In Manhasset, a $560M surgical tower is completed

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By Dan Sears

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A $560 million, 288,000-square-foot surgical tower that was years in the making in Manhasset is now completed.

North Shore University Hospital’s Petrocelli Surgical Pavilion was designed to “transform healthcare in the region,” according to a news release on Thursday from Northwell Health. There, services will complement the health system’s cardiac, neurosurgery and transplant programs.

Following a period of intensive staff training in the new surgical tower, patients will relocate to new critical care units, and surgeries are expected to begin later in February.

“This is a proud moment for healthcare in the region,” Michael Dowling, president and CEO of Northwell, said in a written statement.

“The Petrocelli Surgical Pavilion has been part of Northwell Health’s master plan for more than a decade,” he added. “It took guile and determination to see this massive project through to completion. It took the belief of so many town, county and state officials, along with the vision of countless donors, to help make it a reality.”

Dowling went on to “personally thank everyone who made this investment in the health and longevity of New Yorkers possible. It is a true achievement.”

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New York-based Skanska USA broke ground in April 2020 on the capital project, which was made possible, in part, through a significant gift from Attilio and Beverly Petrocelli, who are long-time supporters of the health system.

“Beverly and I feel that giving back to our hospital is one of the best ways we can help our community,” Attilio Petrocelli said in a written statement.  “It is so gratifying to know that this new pavilion will provide lifesaving, exceptional care to so many patients.”

The pavilion will feature 18 operating rooms, including three hybrid rooms with advanced imaging, along with 132 intensive care rooms. Hybrid ORs combine a traditional OR with an image-guided interventional suite, allowing for highly complex, advanced surgical procedures. This project is designed to upgrade and expand the critical care capabilities of the hospital.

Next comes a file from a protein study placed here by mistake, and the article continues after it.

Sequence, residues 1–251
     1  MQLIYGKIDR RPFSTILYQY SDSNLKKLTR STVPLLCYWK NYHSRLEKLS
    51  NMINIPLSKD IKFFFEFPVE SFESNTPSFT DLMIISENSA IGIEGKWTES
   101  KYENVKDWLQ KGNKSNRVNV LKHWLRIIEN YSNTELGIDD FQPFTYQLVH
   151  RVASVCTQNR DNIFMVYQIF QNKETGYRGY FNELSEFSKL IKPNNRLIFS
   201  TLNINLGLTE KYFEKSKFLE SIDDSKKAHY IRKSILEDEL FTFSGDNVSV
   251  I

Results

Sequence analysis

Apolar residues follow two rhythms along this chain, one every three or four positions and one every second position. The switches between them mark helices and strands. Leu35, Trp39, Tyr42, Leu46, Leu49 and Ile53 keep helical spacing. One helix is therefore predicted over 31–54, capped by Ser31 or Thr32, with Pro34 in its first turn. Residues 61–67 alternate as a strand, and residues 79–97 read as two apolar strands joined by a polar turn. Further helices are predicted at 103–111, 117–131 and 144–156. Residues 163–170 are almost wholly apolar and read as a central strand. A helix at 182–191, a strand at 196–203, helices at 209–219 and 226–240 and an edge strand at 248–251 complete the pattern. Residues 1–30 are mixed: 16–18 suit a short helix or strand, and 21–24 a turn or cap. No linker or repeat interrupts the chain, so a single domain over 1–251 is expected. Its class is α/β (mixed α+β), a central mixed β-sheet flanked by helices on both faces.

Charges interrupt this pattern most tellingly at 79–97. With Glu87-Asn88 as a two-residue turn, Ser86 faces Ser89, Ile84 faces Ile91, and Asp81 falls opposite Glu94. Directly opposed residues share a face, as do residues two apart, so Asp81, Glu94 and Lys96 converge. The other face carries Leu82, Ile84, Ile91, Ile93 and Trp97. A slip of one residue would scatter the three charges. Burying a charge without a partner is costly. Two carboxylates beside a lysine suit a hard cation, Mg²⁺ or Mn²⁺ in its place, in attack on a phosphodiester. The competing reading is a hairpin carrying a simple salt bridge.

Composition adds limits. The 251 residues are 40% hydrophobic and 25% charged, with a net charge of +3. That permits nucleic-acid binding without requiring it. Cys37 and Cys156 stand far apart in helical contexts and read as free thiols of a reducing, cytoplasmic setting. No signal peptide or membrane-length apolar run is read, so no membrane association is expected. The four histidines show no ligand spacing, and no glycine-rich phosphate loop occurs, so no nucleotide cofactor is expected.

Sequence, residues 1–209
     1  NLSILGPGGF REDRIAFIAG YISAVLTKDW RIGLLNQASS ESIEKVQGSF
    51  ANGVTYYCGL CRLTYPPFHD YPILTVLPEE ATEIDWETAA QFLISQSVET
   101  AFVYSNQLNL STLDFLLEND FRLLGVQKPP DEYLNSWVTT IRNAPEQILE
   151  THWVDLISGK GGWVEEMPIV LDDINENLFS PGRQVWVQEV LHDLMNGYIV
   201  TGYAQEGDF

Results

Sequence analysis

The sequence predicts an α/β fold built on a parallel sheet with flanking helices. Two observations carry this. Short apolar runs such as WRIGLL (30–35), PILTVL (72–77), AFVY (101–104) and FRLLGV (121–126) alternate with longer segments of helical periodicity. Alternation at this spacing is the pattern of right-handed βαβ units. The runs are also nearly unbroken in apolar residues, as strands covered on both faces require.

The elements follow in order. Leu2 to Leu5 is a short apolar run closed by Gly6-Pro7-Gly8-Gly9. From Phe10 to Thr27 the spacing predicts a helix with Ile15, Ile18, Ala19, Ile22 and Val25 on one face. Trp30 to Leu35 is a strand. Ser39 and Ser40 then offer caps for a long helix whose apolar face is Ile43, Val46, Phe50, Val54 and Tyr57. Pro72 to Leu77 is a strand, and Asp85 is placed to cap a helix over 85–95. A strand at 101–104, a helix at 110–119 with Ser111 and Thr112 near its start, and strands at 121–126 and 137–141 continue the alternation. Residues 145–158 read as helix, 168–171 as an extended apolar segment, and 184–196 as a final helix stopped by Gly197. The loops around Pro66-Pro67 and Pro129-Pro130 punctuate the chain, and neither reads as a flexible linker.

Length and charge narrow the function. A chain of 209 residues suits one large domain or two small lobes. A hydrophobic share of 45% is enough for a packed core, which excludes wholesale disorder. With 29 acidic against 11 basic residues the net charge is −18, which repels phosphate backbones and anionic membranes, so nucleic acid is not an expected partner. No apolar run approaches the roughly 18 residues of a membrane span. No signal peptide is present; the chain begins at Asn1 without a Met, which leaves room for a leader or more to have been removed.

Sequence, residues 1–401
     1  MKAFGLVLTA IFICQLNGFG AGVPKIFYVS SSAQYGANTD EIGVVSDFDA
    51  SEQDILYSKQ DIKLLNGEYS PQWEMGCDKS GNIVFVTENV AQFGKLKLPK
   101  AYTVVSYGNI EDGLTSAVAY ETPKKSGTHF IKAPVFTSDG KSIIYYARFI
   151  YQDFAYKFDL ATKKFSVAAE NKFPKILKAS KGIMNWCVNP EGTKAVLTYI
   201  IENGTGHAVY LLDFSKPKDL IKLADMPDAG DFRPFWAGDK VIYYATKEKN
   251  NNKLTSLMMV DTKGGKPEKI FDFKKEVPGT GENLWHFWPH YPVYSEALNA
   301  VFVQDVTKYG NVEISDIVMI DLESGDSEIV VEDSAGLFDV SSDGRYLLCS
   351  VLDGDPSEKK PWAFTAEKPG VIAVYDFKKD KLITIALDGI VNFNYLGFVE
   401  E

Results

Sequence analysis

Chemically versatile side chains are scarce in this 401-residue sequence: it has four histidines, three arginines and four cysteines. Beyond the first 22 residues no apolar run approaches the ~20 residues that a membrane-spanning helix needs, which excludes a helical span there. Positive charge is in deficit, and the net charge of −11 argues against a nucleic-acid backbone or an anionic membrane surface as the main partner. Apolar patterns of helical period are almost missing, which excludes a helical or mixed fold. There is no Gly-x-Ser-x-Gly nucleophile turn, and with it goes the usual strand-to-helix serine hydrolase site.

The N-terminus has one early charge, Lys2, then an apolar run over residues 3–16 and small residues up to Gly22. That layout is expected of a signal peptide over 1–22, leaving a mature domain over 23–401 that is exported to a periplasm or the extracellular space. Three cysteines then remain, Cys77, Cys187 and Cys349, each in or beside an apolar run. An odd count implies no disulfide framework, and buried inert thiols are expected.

The pavilion was designed to “unlock the full potential and resources” of the health system to to provide the most complex care possible to Long Island and New York City residents,” Jon Sendach, executive director of the hospital, said in a written statement.

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“North Shore University Hospital has made tremendous strides from its roots as a small community hospital,” he added. “The North Shore team was already performing at a high level; we were only constrained by space. Now our world-class medical experts have state-of-the-art ORs and ICUs to do even more.”

To build the pavilion, Skanska deployed a series of “innovative and emerging technologies throughout the construction process,” according to Northwell. Skanska incorporated drones with high-resolution cameras and sensors to provide real-time insights into construction progress and site conditions. The firm used 3D modeling and weekly 360-degree image and video capture to better assess progress.

“Skanska has a long history of building health care facilities that better the communities in which we live and work, and we are proud to have collaborated with Northwell to deliver this transformational addition to North Shore University Hospital,” Sean Szatkowski, executive vice president and general manager of Skanska USA Building, said in a written statement.

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Significant donors to the project include Sandra Atlas Bass, Arlene and Arthur Levine, Clifford and Randi Lane, Rahat and S. Zaki Hossain, Pamela and Laurence Tarica, Flora and Frank Lalezarian, Jodi and Robert Rosenthal, Linda and Seth Horowitz of the G. & B. Horowitz Family Foundation, and the Peter & Jeri Dejana Foundation.

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